America Stands Up | Glasgow Comedy Festival review by Jay Richardson

America Stands Up

Glasgow Comedy Festival review by Jay Richardson

Always the most compelling entry in the programme for punters hoping to see something new, and the only real justification for 'international' in the Glasgow International Comedy Festival, this annual showcase of New York-based comics has previously handed UK debuts to the likes of Hannibal Buress, Kyle Kinane, W. Kamau Bell and Marina Franklin.

Acclimatised at a couple of low-key gigs across the city beforehand, the acts invariably bring punchy sets, this year's contingent bristling with confidence, despite various claims to dysfunction.

Established as the show's regular compere, UK-based San Franciscan Scott Capurro is an unlikely MC, stealing focus with interludes that feel like a headliner's routines, his playful, devilish reflections on race, religion and sexuality creating a charged, lively atmosphere that would overwhelm less assured performers trying to follow him.

That evergreen sense of mischief in his crowd interrogations, desire to probe boundaries and calculated conflation of taboos – questioning how non-gay the most religious parts of the Middle East are – is an irrepressible assault, countering the possibility of offence with the frequent shift and democracy of his targets. He slyly punches up, punches down with impunity, but mostly punches low and lingers on the crime scene, his eyes sparkling at any intakes of breath that his near-the-knuckle sex reminisces provoke.

His whipping up the crowd was a challenge to the rest of the bill and they responded. For anyone who reckons the British still rule the world in self-deprecation, Emma Willmann's dry, measured accounts of growing up in smalltown Maine quickly overturned that stereotype.

Understatedly mocking the hick mentality of attributing ethnicity to anyone who likes a particular foodstuff, the young comic nevertheless foregrounds her own prejudice, keen to find out what the townspeople will make of her relationship with a black girl. Still, she finds nuance – her gay-friendly father unable to say the word; her exploration of straight porn baffling her mother who imagines she knows what lesbians like best.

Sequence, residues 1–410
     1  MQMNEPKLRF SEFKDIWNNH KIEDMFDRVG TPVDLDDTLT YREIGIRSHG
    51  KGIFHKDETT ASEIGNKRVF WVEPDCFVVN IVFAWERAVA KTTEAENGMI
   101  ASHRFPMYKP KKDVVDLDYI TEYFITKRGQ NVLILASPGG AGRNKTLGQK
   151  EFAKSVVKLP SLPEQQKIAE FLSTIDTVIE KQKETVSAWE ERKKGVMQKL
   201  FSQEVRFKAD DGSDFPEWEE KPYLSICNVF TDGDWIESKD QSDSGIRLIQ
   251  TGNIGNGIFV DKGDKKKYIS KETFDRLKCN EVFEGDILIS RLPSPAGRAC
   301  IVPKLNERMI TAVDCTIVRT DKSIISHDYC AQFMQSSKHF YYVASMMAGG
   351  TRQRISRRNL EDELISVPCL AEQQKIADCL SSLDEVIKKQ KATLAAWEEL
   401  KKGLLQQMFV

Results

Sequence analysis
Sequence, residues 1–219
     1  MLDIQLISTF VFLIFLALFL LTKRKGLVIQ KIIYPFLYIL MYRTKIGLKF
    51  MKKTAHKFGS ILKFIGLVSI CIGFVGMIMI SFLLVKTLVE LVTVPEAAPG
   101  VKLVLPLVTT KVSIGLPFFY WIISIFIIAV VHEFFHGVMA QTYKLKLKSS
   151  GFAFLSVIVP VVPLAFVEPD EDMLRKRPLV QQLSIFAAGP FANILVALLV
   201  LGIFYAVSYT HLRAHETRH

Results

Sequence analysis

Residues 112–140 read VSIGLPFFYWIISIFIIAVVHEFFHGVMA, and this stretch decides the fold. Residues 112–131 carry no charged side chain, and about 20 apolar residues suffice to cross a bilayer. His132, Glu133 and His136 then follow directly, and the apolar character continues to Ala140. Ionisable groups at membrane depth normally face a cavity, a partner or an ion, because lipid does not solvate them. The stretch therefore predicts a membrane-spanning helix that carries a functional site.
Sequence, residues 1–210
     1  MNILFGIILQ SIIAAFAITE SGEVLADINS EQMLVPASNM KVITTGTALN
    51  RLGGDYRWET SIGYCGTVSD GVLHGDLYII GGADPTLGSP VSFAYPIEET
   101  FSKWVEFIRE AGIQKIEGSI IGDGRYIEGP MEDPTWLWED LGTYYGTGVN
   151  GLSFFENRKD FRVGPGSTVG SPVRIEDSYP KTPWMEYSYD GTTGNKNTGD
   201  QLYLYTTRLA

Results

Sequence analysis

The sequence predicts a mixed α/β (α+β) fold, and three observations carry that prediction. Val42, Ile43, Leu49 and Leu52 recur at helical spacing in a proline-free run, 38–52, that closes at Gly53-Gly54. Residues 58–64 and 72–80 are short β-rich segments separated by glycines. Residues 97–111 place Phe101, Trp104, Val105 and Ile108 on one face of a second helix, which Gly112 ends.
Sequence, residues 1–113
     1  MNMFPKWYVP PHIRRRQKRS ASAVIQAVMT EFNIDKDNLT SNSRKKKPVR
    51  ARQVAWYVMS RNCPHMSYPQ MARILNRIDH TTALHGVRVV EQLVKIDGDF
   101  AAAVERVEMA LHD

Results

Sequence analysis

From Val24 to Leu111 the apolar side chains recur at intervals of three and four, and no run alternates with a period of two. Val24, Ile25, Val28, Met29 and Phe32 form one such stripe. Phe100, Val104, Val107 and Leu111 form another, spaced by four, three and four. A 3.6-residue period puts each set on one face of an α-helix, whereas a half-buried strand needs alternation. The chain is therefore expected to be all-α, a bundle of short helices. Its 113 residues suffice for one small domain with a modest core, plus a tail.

With insecurity born of having a much prettier sister and childhood dyslexia, Willmann's got some sharp lines on how the condition is sometimes treated as a mental disability and other times not, but glosses relatively lightly over an adolescent hospitalisation for threatening to kill herself. The institution's choice of roommate for her is too priceless an irony not to mention, but the offhand manner in which she moves on is representative of the slick, seamless manner in which she bridges routines.

Sage on the perils of a threesome for her straight, male friends, she nevertheless presents herself as the last person to be dispensing advice - her glib triumph as openly lesbian at a college gig instigates a teenager to claim solidarity, with the comic's new-found status as role model immediately too much of a burden. Comfortable with longish pauses, Willmann expertly paces her material and is a deceptively assured performer.

Kendra Cunningham, pictured, is similarly self-mocking and opens with tales of her roots, growing up in Boston, where her mother's trips down memory lane invariably take darker twists than seems strictly necessary.